By Charlie Bermant
Peninsula Daily News
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Emily Ingram, a mortgage lender at Wells Fargo Bank in Port Townsend, asked who owned a home in Jefferson County before a crowd of about 30 people at the Jefferson County Chamber of Commerce luncheon.
About 80 percent raised their hands.
When she asked how many thought their homes had increased in value over the past two years, fewer than five hands stayed aloft.
“While many people are pessimistic, in most cases, we have seen an increase of about 4.9 percent over the past year,” Ingram said at Monday’s gathering.
“Things a re looking up,” Ingram said.
Jefferson County Assessor Jeff Chapman said Tuesday that the 4.9 percent rate “sounded about right” but could not be verified by assessor data since property valuations were on a four-year cycle during the economic downturn.
The office has changed to a yearly assessment process so such data will be more accurate beginning this year, he said.
Ingram said local home values were at their peak in 2006 and their lowest point in 2011.
“House prices will continue to increase, but we are not going to see 2006 prices for a long, long time,” Ingram said.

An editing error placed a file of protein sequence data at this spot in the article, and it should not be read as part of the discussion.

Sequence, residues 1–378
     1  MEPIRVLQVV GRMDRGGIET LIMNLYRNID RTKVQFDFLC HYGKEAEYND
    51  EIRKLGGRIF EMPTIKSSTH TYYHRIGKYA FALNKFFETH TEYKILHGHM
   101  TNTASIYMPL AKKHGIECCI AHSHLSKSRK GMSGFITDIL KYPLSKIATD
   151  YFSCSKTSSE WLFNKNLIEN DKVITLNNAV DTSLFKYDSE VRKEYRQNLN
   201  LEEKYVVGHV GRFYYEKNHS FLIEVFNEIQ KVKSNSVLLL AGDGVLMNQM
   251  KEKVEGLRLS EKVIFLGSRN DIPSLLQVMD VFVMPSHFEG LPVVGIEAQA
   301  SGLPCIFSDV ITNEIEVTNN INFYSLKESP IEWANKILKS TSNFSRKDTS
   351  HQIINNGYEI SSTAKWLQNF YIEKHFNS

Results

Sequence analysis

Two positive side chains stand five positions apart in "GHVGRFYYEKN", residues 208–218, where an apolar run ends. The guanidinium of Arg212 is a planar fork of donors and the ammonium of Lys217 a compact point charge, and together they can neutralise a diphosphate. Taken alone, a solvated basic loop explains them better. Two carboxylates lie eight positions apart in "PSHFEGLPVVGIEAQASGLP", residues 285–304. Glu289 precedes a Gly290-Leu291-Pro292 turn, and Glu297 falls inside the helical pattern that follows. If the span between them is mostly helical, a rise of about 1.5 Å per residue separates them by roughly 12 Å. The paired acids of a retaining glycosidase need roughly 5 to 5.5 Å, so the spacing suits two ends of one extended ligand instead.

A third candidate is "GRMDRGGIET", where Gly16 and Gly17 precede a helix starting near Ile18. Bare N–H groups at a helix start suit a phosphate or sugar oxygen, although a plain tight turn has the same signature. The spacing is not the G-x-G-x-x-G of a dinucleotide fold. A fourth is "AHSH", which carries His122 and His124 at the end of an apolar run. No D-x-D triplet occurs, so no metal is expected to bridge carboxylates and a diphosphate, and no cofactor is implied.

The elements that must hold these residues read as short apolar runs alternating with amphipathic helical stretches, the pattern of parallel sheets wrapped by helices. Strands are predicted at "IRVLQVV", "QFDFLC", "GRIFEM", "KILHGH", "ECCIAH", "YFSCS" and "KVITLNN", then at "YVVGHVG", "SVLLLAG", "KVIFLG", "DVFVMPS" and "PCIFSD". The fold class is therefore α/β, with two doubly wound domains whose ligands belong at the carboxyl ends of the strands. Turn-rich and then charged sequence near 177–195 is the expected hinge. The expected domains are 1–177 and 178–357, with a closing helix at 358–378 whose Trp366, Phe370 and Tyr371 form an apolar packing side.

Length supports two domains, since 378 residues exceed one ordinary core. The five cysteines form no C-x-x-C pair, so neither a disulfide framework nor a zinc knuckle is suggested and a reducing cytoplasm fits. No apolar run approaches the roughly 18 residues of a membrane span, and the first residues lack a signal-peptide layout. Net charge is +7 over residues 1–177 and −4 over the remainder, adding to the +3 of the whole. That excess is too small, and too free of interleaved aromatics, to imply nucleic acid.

Ingram said values increased in all of Port Townsend aside from Cape George, which showed a decrease, though the number of sales was too small to offer a statistical significance.
She also said there were increases reported in Port Hadlock, Oak Bay, Chimacum and Port Ludlow.
She said decreases were seen in Brinnon and Quilcene.
Ingram tracked the 492 people who moved to the county in 2013, finding the top four origins were Seattle, California, Oregon and Texas.
“People are coming here to retire, to get out of traffic,” she said.
“Many are buying second homes now with the intent to retire here, and people aren’t moving here for a job,” she added.
“If buyers already live here, they’re young, so the people moving into Jefferson County from elsewhere tend to be older, but we seem to have a healthy mix of people buying primary residences, second homes and investment properties.”
Increases in home values could lead to a corresponding rise in interest rates, Ingram said, predicting a 5 percent to 5.5 percent level by the end of this year, up a whole point from today’s average rate.
She said this means a hypothetical average couple, each making $12 an hour, will need to lower their expectations as to how much they can spend on a home.
“In 2013, that couple could afford a $210,000 home [with a 5 percent downpayment],” Ingram said.
“Today, they can afford $191,000, and next year, if rates increase, they will only be able to afford $171,000,” she said.
“Regardless of the price range, the same amount of money isn’t going to get you the same home one year from now, so if we want more people to become homeowners in Jefferson County, we either have to increase wages or create affordable housing.”
Ingram said many mortgage companies have gone out of business. She felt that would result in better customer service for those seeking to finance a home.
“Those of us who are left will be competing for the business that’s out there,” she said.
“Consumers are going to get better service and better pricing.
“Brokers will need to really be on their game if they want this business.”
Jefferson County Editor Charlie Bermant can be reached at 360-385-2335 or firstname.lastname@example.org.